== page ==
How do you bring ideas to life?
We at Magnolia try to follow trends and monitor the genres that are selling and doing business—then we take our ideas and try to marry them with the most artistic partners to execute something that is poignant and truthful. Finding great writers, directors and artists is key to this process. It can be an amazing and rewarding journey or a slough through our industry trying to put impactful pieces together. Either way it is gratifying.
What’s one trend that excites you?
I love the trend towards fantasy and science fiction. Both genres I adore and it is super exciting to put those projects together because they are always so imaginative and fresh.
What is one habit of yours that makes you more productive as an entrepreneur?
I am a copious note-taker which means every call, every deal, every transaction I take excessive notes and annotate all documents. Probably the lawyer in me but also I love to write things down rather than use the computer or cell phone.
What advice would you give your younger self?
I would tell my younger self to be bold and be fearless. Being well liked is not as important as being effective.
Tell us something that’s true that almost nobody agrees with you on.
In line with my thoughts to my younger self—you don’t have to be popular you just need to be effective and good.
As an entrepreneur, what is the one thing you do over and over and recommend everyone else do?
Takes notes and make lists—I am very old fashioned that way but then you have only yourself to blame if something is forgotten or not timely in getting attention then over-correct always!!
What is one strategy that has helped you grow your business?
I think you need to have targets in terms of what you wish to achieve for each artist, writer, director. You need to follow every trail and never be satisfied with someone else saying I will handle this or it is covered. In order to progress more into production we have to be our own engine. No one is going to hand us anything—we have find the creative pieces and put the package together one component at a time.
What is one failure you had as an entrepreneur, and how did you overcome it?
Years ago I had two trusted and like-minded colleagues who one Friday night decided to try to steal my entire roster and my entire business. They convinced some percentage of our clients that me and my then partner were not worthy or never did the work and these former colleagues were responsible for all the client’s success and momentum. I was understandably devastated both by the violation and by the deceit and by the toxic nature of what followed. I went after both of them legally and sent a clear message that I was NOT rolling over and I personally went and met each client on the roster and tried to compel them to remain with our company and the truth of this ruse. It taught me a lot about trust and loyalty and about being mindful of company secrets, IP and protocol.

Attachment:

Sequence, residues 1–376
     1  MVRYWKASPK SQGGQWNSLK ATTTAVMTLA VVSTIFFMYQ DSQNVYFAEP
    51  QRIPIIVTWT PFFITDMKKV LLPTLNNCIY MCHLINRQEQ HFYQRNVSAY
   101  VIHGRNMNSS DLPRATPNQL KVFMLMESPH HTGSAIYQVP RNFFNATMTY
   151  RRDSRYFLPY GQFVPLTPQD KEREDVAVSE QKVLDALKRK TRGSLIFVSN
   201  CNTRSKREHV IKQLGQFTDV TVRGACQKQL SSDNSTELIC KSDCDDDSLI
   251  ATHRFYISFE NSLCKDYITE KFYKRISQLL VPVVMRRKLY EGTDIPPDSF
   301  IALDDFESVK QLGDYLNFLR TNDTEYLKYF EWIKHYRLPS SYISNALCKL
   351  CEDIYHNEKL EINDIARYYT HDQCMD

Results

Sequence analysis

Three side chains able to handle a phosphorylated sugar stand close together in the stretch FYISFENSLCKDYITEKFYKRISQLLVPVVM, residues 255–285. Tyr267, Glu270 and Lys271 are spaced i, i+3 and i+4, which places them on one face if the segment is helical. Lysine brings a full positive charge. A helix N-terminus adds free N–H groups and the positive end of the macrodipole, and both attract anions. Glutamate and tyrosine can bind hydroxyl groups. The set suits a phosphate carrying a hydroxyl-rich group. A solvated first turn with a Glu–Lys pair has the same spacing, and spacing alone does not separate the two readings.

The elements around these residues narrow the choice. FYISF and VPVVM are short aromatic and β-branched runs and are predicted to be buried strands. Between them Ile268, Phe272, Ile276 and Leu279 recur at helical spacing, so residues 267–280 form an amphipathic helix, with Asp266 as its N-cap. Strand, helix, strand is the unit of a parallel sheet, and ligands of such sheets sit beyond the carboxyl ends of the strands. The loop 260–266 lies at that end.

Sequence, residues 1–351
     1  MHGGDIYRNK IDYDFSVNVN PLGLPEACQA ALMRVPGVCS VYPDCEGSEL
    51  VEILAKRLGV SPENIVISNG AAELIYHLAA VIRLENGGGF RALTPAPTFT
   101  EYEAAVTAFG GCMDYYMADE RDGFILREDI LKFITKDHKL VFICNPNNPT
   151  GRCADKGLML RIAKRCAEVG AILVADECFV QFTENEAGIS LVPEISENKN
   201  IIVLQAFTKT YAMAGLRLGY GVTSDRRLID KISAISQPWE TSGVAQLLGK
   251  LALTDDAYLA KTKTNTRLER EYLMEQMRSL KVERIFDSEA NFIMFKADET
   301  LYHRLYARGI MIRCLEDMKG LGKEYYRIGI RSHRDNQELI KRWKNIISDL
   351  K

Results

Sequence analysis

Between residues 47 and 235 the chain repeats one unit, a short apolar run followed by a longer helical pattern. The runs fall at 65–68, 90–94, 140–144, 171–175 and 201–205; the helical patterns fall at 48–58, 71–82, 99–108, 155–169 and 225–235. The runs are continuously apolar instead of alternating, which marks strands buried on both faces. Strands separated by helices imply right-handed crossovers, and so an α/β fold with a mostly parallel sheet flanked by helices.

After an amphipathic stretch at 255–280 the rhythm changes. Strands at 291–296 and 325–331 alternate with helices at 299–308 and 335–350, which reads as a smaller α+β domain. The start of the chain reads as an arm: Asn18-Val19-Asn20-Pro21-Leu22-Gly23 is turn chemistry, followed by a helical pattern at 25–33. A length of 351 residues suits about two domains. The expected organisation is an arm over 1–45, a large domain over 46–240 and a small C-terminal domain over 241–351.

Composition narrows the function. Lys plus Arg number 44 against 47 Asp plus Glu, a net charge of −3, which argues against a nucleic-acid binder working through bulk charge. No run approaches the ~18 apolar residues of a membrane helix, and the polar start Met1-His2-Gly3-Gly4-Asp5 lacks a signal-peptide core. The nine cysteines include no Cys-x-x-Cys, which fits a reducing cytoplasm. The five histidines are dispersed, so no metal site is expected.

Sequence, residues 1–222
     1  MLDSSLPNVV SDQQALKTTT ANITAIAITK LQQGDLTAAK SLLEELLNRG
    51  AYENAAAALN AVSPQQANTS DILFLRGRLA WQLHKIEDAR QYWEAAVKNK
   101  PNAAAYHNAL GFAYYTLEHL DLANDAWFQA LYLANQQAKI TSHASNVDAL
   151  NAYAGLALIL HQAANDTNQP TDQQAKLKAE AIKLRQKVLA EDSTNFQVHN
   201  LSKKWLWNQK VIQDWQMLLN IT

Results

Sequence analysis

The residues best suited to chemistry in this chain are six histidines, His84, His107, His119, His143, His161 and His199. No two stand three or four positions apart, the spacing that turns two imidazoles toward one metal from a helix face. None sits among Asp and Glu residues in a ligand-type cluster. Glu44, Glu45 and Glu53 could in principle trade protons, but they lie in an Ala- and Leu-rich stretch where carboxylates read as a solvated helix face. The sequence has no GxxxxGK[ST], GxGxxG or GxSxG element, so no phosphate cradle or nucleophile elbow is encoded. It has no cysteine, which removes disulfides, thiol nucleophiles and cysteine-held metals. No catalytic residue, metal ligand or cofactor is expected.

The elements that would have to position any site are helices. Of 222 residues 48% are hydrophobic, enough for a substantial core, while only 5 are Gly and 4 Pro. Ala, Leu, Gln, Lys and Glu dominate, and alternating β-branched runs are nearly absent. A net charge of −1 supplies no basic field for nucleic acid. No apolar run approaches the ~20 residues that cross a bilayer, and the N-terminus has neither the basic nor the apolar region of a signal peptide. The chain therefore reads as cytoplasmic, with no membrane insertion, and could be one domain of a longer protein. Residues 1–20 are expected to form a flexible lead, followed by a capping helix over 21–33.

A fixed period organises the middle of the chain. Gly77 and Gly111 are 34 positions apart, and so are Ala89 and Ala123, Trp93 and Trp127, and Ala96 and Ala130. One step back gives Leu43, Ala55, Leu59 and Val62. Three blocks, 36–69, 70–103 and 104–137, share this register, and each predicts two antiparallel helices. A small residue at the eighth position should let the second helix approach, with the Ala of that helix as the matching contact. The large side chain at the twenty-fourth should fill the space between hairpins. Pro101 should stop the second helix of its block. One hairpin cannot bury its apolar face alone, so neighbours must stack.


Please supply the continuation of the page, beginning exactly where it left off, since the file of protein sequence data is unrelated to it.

What is one business idea that you’re willing to give away to our readers?
As our market gets more and more international find books at book shows, on line and in writing programs at universities. Then mine that IP and sell it to the many outlets waiting for fresh and original stories and IP. Nothing is hotter than a great new idea. I got the original Terminator when Jim Cameron was a kid starting out and I was interning at the time. I told the head of the company to drop everything and get that story. There was a lot of feet dragging and they ultimately were too slow and never cornered or controlled the franchise—even as a kid intern I recognized the value of that very original and creative idea. even in only a 40 page treatment.
What is the best $100 you recently spent? What and why?
I bought a ballet outfit for a 3 year old girl (daughter of a friend) complete with the dancing shoes and hair accessories. The pictures and videos of her smile and delight in the outfits was amazingly priceless!
What is one piece of software or a web service that helps you be productive? How do you use it?
I use final draft cast/crew entertainment programs all the time. It is a great screenwriting tool and provides us access into the writers/director process so seamlessly.
What is the one book that you recommend our community should read and why?
“The Great Alone” by Kristin Hannah—it is about loss and adversity—the raw harshness of an Alaskan landscape—the fear and survival instinct of a family and the dark polluted nature of people, even those we love. It is a coming of age story but also a story about triumph, survival, loss, grief and love. The author also wrote The Nightingale another beautiful story but this was better!!
What is your favorite quote?
“Per aspera ad astra—through our hardships to the stars!!”